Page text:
exotic fruits, cakes, handicrafts and parrots
At most village stops, women and children clambered on board, selling everything from gaseosas (sodas), to exotic fruits, cakes, handicrafts and parrots. The mud banks are filled with them vying for position to make the first round of the passengers hoping for a sale. Iquitos and Yurimaguas are very far away, and we few passenger/customers are delivered to their very doorstep. No wonder they are in such a hurry to get to us.
yelps and whistles of excitement and encouragement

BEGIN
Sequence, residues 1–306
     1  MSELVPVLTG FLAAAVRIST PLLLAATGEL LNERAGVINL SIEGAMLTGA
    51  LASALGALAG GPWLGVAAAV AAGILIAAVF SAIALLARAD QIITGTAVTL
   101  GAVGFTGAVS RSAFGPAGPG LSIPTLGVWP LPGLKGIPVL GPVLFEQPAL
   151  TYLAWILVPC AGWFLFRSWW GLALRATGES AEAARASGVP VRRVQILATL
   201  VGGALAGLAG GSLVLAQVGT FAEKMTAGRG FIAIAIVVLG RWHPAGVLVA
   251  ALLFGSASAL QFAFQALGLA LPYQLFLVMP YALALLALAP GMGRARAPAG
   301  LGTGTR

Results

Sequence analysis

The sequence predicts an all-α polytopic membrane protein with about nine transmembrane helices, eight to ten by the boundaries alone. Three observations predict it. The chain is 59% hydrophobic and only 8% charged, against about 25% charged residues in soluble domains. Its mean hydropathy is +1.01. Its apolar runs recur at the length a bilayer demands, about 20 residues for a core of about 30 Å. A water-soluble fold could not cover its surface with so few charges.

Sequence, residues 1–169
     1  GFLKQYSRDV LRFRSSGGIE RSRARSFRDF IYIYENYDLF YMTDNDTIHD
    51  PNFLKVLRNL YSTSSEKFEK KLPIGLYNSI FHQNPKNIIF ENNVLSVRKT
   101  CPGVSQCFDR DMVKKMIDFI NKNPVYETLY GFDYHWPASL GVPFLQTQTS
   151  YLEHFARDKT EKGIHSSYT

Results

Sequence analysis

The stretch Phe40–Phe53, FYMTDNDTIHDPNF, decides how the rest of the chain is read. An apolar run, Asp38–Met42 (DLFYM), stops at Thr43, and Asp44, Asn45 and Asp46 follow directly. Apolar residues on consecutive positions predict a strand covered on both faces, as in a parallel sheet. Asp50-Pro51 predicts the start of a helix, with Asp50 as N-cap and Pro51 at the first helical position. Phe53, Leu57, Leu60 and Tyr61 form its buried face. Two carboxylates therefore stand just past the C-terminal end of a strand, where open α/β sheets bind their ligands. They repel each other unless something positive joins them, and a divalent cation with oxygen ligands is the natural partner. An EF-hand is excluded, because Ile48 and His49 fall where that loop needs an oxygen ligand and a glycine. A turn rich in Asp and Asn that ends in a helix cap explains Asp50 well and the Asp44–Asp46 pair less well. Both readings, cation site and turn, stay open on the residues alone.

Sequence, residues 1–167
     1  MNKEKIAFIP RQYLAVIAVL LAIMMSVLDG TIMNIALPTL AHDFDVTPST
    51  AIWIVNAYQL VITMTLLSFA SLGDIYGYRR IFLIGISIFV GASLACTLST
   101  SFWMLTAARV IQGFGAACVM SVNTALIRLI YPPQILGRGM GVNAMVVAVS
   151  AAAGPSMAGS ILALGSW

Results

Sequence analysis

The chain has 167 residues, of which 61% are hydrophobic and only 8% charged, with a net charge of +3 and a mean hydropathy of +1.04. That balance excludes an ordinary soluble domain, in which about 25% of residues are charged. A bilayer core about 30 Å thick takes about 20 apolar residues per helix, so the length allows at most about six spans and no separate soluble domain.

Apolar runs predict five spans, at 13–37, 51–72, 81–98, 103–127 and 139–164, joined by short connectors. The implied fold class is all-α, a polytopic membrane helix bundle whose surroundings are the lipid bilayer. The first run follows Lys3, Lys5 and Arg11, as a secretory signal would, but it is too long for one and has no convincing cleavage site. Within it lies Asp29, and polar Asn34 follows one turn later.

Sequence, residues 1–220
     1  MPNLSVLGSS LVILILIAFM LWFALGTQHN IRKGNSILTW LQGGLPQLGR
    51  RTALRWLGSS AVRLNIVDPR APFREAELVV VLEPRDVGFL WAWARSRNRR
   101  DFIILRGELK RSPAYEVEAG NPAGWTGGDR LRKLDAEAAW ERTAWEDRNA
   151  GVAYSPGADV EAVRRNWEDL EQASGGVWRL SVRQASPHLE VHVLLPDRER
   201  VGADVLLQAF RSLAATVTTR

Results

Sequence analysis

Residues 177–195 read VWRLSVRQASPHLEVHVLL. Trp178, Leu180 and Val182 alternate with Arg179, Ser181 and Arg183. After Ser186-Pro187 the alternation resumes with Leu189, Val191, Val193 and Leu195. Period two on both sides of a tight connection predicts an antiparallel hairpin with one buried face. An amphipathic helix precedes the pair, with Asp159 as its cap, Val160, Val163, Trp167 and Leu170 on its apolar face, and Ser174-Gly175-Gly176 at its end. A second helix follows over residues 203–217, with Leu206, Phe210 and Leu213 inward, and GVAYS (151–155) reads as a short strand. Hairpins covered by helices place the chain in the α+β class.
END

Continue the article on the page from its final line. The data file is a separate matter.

We arrived well after dark in Iquitos, and had to navigate the hoards of moto taxi drivers and tour touts, while we loaded our gear on Zippy. We managed to fight our way through the hotel bound traffic in darkness, receiving many yelps and whistles of excitement and encouragement from the moto taxis, even as they seemed to nearly run us down. We survived again, found modest accommodations, slept okay on the funny flat bed, and are learning our way around Iquitos, a most fascinating city of 400,000, deep in the Amazon. It’s time to pinch myself. We are indeed here in the middle of nowhere, yet again. How do we keep making these crazy plans?